Uber X, the ride-hailing platform that allows everyday drivers to rent seats in their cars to paying customers, announced yesterday that six months after (illegally) launching in Philadelphia, their 10,000 “driver-partners” have already given one million rides to over 455,000 people.
The digital dispatching system allows the company to collect lots of data on all these trips, and to commemorate the 1 million ride mark, they’ve released some stylized facts on their blog about their impact on the city thus far.
Since the service launched in October, uberX says over 6,000 Philadelphians have made money driving a passenger in the past 6 months, and 1,000 new drivers have been accessing the platform every month. Philadelphia drivers have made over $9 million since October, and the company projects they’ll pay drivers over $50 million by the end of 2015.
“We’ve seen a pent-up demand for low-cost, reliable, safe rides, and the Philly market has performed even beyond our wildest expectations as far as how many people in Philadelphia were looking for other ways to get around,” says Uber Philly general manager, Jon Feldman.
The economic impact of Uber has been a hotly contested political issue. The company has taken fire from some activists on the left who lament Uber’s contribution to the rise of the independent contractor economy, which they say undermines economic policies like minimum wages and earned sick leave that only apply to actual employees of companies, which UberX drivers are not. To be fair, that same critique applies to Philadelphia’s traditional taxi companies too.
Uber’s response is that their service is creating work for people who need money and more flexible working hours at a time when local job growth has been weak. In Philly, over one-third of uberX drivers come from zip codes with unemployment rates over than 9%. As Vox’s Timothy Lee found out driving for a week in Washington, DC for uberX’s competitor Lyft, the ride-hailing gig is not easy and it can be difficult to make a predictable amount of money per day, though that’s also true for traditional cab drivers.
Feldman says there are advantages to driving for uberX over traditional cabs though.
“Our drivers like the flexibility,” he said in a phone interview, “They don’t start the week in debt because of the medallion [rental payment], and have flexibility to connect with friends and family. They get riders who are friendlier because there’s a user rating system built into the app, and they feel safer because they’re not carrying cash.”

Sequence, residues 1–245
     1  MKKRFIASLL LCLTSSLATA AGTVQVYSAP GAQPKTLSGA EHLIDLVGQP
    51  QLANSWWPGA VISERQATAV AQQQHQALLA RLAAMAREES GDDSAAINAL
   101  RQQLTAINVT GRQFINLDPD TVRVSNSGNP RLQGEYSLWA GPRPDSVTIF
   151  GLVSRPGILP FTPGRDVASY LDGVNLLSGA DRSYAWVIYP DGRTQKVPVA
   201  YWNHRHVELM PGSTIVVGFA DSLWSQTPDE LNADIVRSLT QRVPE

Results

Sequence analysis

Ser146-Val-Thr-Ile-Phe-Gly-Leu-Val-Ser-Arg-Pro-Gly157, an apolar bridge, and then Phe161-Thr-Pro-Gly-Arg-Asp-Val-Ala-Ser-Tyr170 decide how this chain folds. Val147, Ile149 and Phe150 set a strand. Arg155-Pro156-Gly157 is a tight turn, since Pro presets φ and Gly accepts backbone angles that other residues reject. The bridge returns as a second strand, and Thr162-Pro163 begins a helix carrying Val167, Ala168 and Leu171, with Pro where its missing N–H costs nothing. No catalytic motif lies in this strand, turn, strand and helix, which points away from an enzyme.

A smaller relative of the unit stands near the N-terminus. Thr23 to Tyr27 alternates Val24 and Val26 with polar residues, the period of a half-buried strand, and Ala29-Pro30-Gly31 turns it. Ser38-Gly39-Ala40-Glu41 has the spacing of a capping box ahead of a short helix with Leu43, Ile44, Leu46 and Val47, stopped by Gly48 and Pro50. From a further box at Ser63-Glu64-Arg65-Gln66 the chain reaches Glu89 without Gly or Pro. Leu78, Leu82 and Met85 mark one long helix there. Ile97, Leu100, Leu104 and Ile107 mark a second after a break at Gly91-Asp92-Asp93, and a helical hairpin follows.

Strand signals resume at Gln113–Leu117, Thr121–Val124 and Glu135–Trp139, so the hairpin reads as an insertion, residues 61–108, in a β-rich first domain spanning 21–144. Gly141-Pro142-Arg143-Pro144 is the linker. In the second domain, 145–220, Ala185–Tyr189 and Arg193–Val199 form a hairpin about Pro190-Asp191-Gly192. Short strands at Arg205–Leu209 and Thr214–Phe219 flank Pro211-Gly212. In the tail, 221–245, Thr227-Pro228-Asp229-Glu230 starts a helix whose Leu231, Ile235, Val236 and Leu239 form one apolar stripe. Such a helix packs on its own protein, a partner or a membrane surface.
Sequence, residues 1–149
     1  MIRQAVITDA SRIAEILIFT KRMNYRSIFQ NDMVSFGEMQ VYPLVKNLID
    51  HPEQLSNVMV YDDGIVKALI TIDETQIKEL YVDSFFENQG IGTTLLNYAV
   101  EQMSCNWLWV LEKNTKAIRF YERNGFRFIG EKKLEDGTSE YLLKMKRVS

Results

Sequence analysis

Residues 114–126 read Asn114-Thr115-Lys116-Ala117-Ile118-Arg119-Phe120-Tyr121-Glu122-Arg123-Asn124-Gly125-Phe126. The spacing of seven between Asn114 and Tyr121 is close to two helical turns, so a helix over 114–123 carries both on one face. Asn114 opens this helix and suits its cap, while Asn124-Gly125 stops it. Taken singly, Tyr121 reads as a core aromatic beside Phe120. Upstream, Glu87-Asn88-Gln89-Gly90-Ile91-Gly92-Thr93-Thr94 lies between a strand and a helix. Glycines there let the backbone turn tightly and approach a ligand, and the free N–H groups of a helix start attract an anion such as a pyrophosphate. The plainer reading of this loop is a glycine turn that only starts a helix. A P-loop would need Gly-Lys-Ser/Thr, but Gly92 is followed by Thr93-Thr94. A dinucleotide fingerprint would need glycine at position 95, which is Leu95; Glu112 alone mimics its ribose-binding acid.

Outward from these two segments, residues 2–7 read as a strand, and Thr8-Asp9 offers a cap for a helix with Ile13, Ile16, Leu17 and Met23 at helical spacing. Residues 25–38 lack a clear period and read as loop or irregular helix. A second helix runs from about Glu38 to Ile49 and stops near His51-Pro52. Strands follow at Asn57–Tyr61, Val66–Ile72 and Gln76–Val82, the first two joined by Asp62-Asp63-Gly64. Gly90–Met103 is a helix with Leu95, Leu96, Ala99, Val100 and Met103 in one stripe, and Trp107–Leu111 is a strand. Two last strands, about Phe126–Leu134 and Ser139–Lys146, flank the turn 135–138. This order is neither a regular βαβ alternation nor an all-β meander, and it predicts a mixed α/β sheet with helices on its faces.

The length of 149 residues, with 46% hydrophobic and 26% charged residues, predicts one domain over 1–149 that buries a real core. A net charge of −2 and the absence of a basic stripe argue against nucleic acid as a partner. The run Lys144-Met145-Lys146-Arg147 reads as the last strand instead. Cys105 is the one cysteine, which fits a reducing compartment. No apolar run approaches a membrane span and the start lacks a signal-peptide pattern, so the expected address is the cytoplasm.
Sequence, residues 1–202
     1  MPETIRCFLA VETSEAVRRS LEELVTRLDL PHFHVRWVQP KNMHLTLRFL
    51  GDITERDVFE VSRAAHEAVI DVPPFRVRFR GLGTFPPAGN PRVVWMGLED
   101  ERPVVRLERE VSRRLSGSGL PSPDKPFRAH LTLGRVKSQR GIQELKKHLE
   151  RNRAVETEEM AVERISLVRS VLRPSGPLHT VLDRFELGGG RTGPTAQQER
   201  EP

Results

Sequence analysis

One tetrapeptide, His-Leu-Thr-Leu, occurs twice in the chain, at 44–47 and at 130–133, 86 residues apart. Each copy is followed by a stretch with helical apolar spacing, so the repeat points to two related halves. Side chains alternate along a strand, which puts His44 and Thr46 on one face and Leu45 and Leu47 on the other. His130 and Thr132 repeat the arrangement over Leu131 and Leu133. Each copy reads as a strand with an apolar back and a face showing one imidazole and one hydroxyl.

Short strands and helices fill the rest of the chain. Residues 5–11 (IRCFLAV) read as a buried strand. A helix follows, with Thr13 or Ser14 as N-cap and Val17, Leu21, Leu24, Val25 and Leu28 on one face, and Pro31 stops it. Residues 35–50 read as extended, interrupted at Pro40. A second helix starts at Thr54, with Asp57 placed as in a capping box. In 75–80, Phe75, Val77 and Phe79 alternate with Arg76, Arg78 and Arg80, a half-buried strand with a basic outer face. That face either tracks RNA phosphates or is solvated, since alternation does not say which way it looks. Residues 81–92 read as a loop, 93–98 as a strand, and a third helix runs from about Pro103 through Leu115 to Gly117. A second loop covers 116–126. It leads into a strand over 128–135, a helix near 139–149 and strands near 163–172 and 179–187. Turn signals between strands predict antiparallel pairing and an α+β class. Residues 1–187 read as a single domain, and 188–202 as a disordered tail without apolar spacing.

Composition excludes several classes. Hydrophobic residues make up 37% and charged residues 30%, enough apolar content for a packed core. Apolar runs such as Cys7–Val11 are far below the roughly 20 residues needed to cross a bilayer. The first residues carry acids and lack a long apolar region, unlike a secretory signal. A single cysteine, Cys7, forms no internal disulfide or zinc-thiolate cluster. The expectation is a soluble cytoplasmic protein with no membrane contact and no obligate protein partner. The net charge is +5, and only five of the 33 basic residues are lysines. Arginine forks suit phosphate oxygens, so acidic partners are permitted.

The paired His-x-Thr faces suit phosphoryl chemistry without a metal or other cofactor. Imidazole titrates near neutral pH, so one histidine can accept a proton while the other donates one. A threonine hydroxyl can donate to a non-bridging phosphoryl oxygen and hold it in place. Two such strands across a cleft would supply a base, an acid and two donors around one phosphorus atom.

On the customer side, the company found 19% of uberX trips in February started or ended in traditionally underserved neighborhoods. They also think they’ve delivered on their promise of higher service quality. In Philadelphia County, the company says 91% of their hails since October arrived within 10 minutes, and half arrived within 4 minutes.
Feldman confirmed the underserved neighborhoods include Fairmount, Brewerytown, Francisville, Point Breeze, Gray’s Ferry, Mantua, Oxford Circle, Kensington, Port Richmond, Hunting Park, Allegheny, West Passyunk, Kingsessing, Cedar Park, Fishtown, and Southwest Philly.
These numbers apply to the uberX service that launched this fall, but Uber has actually been operating Philly since 2012, with their black car service. The black cars are technically regulated as limousines, so they’ve been unencumbered by the taxi medallion politics that have bedeviled the cheaper ride-hailing apps, which the Philadelphia Parking Authority considers illegal hack cabs. So far, they’ve impounded about four dozen cars from uberX and Lyft drivers.
During that time, Uber claims to have had some impact on reducing the number of DUIs, by increasing the number of convenient alternatives to drunk driving. They point out that ride requests correlate with the peak hours for DUI fatalities, between 11pm – 3am on weekends, and that over 53% of uberX trips originated in areas with the highest concentrations of bars. Since they launched in 2012, the number of annual DUI arrests in Philadelphia decreased by 11.5%.
PlanPhilly transportation reporter Jim Saksa took a look at this issue last summer and found a slight correlation. Uber released a company report on the national numbers, co-signed by Mothers Against Drunk Driving, claiming ride-hailing has made a significant impact on DUIs. ProPublica had a highly skeptical take on that report, though it seems intuitive that more convenient late-night alternatives to driving oneself would tend to reduce drunk driving.
The state Public Utility Commission has legalized ride-hailing services everywhere outside of Philadelphia County, leaving local taxi regulations up to the PPA. The PPA shows no signs of letting up on their crackdown on ride-hailing drivers though, with PPA director Vince Fenerty telling our colleague Tom MacDonald a few weeks ago that they’ll continue to impound vehicles “until there is a change in the statute in Harrisburg.”
Sources say a bill establishing statewide regulations is set to be introduced in Harrisburg next week.
Feldman is hoping any bill will apply the PUC’s rules for the rest of the state to Philadelphia, despite the existence of the medallion system here.
“We are certainly in support of regulations, but they need to be the same statewide,” he says, “When people take trips from Allentown to Philly, or New Jersey to Philly, having the same regulations and not treating Philly differently is what makes the most sense for drivers and for riders.”